Has your creative process dramatically altered this time around?
I think I’m a lot more thorough with everything. Slowing down has really played to my advantage. Before I would have so many things on at once I would rush and make spelling mistakes in titles and silly things that really would frustrate me but everyone has more time now so...chill out and let me take my time!

How do you see this changing/affecting your industry going forward?
People, brands especially, have now realised that user generated content is way cheaper than traditional content creation so there’s been a mad rise in that which has led me to adjust what I can offer and how I work. I find myself recording a lot of zooms and editing them up and I feel like the remote ‘work from home’ vibe that normal 9 to 5 peoples are now having to do is something that’s being adopted in the media world too which I’m having to learn to love.


What has been your biggest motivation over the past couple of weeks?
I feel like I’m constantly running out of time so to keep myself motivated I always look to my peers. I used to watch people doing the same things as me and be jealous but I’ve done some maturing in my craft but also mentally and now I see my ‘competition’ and embrace it! Seeing my people do well and create great things is really what motivates me to want to succeed, grow and create together.

Do you have any advice or tips on how to remain positive during these times?
Explore music. A lot of my friends make music and I work in music but still I catch myself lost for what to ask Alexa to play for me today, so, I’ve really been pushing myself to explore different sounds and dive into genre archives to keep it fresh and stay learning.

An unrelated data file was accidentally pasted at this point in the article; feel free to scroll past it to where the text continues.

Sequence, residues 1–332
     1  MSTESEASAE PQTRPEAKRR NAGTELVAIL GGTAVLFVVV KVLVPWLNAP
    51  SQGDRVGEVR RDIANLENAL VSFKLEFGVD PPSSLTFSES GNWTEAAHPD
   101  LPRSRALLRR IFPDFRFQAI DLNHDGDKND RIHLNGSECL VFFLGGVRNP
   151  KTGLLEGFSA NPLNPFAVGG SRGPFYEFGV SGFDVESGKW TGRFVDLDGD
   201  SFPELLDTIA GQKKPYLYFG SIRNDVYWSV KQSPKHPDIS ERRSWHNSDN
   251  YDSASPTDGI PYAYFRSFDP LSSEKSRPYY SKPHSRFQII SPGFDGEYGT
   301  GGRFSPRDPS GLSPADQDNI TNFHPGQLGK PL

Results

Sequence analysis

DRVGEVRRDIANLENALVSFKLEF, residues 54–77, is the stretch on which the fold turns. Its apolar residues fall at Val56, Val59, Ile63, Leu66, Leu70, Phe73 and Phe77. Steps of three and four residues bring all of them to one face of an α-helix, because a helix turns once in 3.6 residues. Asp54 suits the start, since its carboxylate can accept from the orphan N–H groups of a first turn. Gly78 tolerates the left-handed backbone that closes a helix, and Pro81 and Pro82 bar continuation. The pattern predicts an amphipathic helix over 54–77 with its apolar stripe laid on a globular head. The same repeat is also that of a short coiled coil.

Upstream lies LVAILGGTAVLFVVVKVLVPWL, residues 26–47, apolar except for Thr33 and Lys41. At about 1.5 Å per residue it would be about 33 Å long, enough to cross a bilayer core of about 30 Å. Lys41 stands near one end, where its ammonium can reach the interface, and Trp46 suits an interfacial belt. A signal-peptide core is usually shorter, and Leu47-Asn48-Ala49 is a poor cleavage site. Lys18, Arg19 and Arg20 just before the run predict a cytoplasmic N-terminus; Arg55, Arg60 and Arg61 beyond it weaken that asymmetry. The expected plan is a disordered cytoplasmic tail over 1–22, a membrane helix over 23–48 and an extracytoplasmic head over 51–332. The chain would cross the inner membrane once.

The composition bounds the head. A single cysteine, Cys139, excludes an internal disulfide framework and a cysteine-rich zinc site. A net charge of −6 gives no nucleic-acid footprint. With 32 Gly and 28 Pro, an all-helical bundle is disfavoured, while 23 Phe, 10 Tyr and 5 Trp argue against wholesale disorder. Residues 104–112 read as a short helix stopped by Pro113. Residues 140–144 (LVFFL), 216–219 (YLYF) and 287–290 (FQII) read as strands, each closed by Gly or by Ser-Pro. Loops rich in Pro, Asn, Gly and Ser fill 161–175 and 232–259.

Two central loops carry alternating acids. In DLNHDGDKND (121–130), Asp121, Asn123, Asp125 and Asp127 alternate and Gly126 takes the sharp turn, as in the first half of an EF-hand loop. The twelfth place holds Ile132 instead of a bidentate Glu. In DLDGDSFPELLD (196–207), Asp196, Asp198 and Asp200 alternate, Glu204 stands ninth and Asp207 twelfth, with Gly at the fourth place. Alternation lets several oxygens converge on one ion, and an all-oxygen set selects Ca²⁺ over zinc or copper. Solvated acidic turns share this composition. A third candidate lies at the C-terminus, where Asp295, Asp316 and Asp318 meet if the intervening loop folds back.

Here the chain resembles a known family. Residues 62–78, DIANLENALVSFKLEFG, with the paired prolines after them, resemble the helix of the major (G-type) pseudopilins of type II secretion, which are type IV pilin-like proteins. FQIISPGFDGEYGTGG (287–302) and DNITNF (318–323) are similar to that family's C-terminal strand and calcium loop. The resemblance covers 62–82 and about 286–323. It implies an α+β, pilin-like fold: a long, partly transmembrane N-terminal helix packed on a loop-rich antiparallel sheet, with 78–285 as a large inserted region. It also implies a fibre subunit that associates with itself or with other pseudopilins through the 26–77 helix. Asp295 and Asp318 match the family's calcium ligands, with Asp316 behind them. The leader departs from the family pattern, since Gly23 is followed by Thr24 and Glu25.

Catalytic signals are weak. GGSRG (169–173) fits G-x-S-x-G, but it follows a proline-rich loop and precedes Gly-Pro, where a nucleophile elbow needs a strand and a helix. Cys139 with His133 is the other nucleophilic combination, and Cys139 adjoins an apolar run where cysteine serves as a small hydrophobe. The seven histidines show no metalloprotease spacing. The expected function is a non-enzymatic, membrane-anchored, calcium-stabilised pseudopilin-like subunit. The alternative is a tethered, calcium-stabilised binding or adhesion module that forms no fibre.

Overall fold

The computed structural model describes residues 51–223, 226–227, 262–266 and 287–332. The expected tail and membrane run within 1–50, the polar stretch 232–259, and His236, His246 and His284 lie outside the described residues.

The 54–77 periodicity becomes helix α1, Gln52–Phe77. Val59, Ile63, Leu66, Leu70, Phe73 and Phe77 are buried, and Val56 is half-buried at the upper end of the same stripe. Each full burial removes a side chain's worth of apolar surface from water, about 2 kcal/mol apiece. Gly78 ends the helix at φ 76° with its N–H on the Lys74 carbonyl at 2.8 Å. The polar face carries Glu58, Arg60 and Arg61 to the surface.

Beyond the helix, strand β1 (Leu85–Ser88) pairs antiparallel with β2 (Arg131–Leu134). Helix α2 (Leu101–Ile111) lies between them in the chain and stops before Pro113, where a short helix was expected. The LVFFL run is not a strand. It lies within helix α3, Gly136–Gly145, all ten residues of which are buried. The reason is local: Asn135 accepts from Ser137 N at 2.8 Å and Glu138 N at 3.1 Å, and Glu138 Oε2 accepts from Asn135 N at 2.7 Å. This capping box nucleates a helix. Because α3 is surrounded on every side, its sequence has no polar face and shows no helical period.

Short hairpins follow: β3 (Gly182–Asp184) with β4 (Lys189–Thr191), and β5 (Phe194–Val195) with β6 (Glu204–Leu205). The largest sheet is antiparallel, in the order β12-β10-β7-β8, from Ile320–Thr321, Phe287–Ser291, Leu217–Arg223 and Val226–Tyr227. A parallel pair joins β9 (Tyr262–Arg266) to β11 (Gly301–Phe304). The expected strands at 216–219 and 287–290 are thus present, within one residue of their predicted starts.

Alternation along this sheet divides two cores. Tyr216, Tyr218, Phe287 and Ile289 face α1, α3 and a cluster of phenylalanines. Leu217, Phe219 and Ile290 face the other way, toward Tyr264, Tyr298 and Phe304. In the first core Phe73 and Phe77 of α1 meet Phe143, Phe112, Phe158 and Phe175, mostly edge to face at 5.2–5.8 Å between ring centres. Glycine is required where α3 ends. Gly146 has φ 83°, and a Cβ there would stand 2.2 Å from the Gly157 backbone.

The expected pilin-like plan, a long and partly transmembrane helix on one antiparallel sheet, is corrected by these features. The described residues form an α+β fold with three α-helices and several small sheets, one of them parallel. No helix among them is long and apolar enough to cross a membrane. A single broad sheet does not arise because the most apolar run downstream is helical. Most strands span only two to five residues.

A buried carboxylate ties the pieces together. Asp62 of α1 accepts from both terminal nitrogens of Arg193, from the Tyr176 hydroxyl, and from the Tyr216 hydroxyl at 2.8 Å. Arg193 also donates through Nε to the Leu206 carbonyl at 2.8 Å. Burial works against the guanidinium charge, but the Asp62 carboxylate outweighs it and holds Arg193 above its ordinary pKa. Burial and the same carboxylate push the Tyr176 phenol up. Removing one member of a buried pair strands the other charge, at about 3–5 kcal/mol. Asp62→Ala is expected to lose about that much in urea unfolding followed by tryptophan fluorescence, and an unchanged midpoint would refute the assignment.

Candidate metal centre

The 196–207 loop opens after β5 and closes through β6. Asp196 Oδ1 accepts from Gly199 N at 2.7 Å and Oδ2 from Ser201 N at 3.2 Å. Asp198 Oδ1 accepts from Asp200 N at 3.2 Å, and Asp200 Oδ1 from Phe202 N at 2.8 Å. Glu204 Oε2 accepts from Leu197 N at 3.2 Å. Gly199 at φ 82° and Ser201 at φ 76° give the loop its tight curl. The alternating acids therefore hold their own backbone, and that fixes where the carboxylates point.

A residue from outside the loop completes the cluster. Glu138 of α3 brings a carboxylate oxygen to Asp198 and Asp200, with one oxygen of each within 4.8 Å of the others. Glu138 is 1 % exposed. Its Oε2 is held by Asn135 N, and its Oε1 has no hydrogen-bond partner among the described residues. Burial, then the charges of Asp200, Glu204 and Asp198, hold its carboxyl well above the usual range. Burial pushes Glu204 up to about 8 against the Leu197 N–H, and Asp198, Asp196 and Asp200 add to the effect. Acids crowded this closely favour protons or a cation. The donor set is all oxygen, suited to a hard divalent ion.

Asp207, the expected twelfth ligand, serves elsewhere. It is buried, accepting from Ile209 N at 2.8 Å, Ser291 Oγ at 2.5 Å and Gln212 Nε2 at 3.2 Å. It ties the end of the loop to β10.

Have you recently discovered any new interests?
I’m really into reworking recently. My little sister is a sewing machine wizard so I’ve been creatively directing a few pieces through her but I’m trying to master it myself and also finding ways to weave it into my brand, Pay Your Shooter.

What artists have got you through this period?
My powerhouse friends. I miss being in the studio and going to live shows with artists so when I hear Miraa May, Sophie Faith, Tertia May, Sasha Keable (the list goes on) I get the craziest nostalgia of actually being together and seeing them do their thing in the flesh but I guess for now, running up their streams will do.

What’s the one thing you most look forward to after lockdown?
I just want a BBQ link up. I feel like summer in London won’t be the same for a while but just one link up with everyone in the sun with no cares in the world, bottles, dancehall and chicken is really what I’m looking forward to.

What’s next for you?
I’m branching out a bit more into directing and presenting because they are both areas I have dabbled in and loved when I’ve actually tried but I’ve always been a bit shook to go out and do it properly because it’s a bit more daunting than being behind the scenes. I’m definitely trying to push the boat out and see what happens.

And lastly, how did you get linked with Patta?
Funny story actually. When I was at university I applied for a graphic internship position. Virgil asked me to come for an interview the next day but I didn’t realise that he was expecting me to be in Amsterdam in 24hrs. Anyway that didn’t happen. Fast forward a year or so I met Damo. He invited me to come and check out the new London store as it was being built. Met the gang and helped with the store opening and from there I was working part time at the store here and there between school. Once I graduated I went on to do my editing thing but the Patta family feel will always be there. Big up the Zeedijk mafia for real.

 

Written and photographed by Olivia Jankowska
Follow AZCAPTURES on Instagram